by Colette Bouchez
Regardless of how much or how little you spend on your pregnancy wardrobe, the one area where you probably shouldn't skimp is in your undergarments. While some stores can go overboard in trying to convince you of what you need (will you really be all that comfortable in a pregnancy thong?) still, there are some basic undergarments that can make an important difference in not only how you look, but also how you feel.
According to Colette Bouchez, author of the new book Your Perfectly Pampered Pregnancy (Doubleday/Broadway Books, NY - Feb. 10, 2004), among the most important is a well-made pregnancy bra.
"Depending on how quickly your breasts enlarge, you may have to change sizes or even styles more than once during your pregnancy, so it's not necessary to buy a lingerie wardrobe right from the start," says Bouchez. That said, she advises that's a good idea to do a little window-shopping early on in your pregnancy so you can familiarize yourself with what's available. When the time comes for a new size or style you'll have an idea where to go to find what you like and need.
For most women, Bouchez says that a bra with wide set straps that are also thicker in width helps give much needed support while minimizing pressure on your shoulders.
"Remember, together, your breasts can gain as much as 5 pounds during pregnancy, which in case you don't already know, can feel a lot like hanging a watermelon around your neck and expecting your shoulders to carry the weight," says Bouchez. So, she says, the thicker the straps the more the extra weight will be distributed, which means the less your shoulders and upper back will feel the strain.
You should also seek out the smoothest, softest fabrics possible, choosing bras with a minimum of seaming in the cup area. In fact, the smoother and softer the cup is, the more comfortable your growing and tender breasts will feel. Also remember, says Bouchez, you are going to need more coverage than you did before, to help support painful and tender breasts, so by pass the décolletage styles and instead look for full cup coverage.
In general, she advises that when purchasing pregnancy lingerie look for fabrics and styles that will hold up to repeated washing. Remember, you probably won't purchase as many pieces as you normally might do, so each one is going to get more than the average number of washing. Styles with lots of lace or other trims, or thin or fragile fabrics may not hold up as long as you need them. What can also help: Hand wash and line dry your pregnancy lingerie. This puts less wear and tear on fabrics than a washer and dryer, the heat of which can also quickly beat up elastic and spandex.
Whether or not you need to purchase pregnancy panties - or simply buy a larger version of what you already wear - is strictly a matter of personal taste. In fact, if you still want to wear those old bikinis, and they feel comfortable, and then feel free to do so - being pregnant doesn't have to mean starting every day by pulling on a pair of billowy Grandma Bloomers.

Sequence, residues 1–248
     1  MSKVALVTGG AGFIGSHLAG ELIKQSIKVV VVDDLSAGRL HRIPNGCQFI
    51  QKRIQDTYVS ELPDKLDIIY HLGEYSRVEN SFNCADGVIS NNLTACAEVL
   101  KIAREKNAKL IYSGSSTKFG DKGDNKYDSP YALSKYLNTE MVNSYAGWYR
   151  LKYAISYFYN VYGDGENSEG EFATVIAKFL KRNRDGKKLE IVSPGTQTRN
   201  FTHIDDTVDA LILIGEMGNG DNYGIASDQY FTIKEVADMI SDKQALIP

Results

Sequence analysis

But Bouchez reminds us that during pregnancy you're likely to have extra vaginal discharge as as well as some degree of incontinence, so you'll want to choose fabrics that are easy to wash, dry quickly and don't stain easily. You may also need to choose a style with a substantial crotch width. In the event that you will want to wear a sanitary pad during your pregnancy, it helps if the crotch is wide enough for the pad to fit comfortably and adhere.
The one specialty lingerie item Bouchez insists you should definitely consider is maternity pantyhose.
"It seems no matter how large a size you choose in regular hose, the top is likely to slide off your belly and end up in an uncomfortable puddle at the top of your crotch. Maternity pantyhose have a wider, softer, stretchier top that can more easily smooth up and over your tummy, and remain relatively secure on your stomach for the whole day," she says. Another must-have for many women: A pregnancy girdle.
"While you may have detested even the thought of wearing this type of garment before you conceived, there is no question that you have to change your thinking. Not only will a pregnancy girdle help your clothes to look and fit better, the extra support it provides to your tummy AND your back can help ease many pregnancy aches and pains, and even prevent some from occurring at all," says Bouchez.
But if you are tempted to skip the maternity department and instead shop for a regular girdle in a larger size, don't. While support is important, Bouchez points out that it's equally important that your stomach does not experience extreme compression.
"Most maternity girdles concentrate on back support and have ultra stretchy, soft front panels that won't bind or cut your stomach in front. So, they are both safer and more comfortable to wear," says Bouchez.
After your baby is born she suggests investing in a postpartum girdle. These garments offer extra support under the stomach, while keeping waist compression to a minimum. Many also come with a snap closure on the crotch, allowing you to easily change a menstrual pad without having to pull the girdle down.
Colette Bouchez is an award winning medical journalist with more than twenty years experience. She is the former medical writer for the New York Daily News, and the top selling author of The V Zone, co-author of Getting Pregnant and upcoming book, Your Perfectly Pampered Pregnancy. Currently a daily medical correspondent for HealthDay News Service/The New York Times Syndicate, and WebMD, her popular consumer health articles appear daily online, as well as in newspapers nationwide and in Europe and Japan. She is a regular contributor to USAToday.com, ABCNews.com, MSNBC.com and more than two dozen radio and television news stations nationwide. She lives in New York City.
Copyright © Colette Bouchez. Permission to republish granted to Pregnancy.org, LLC.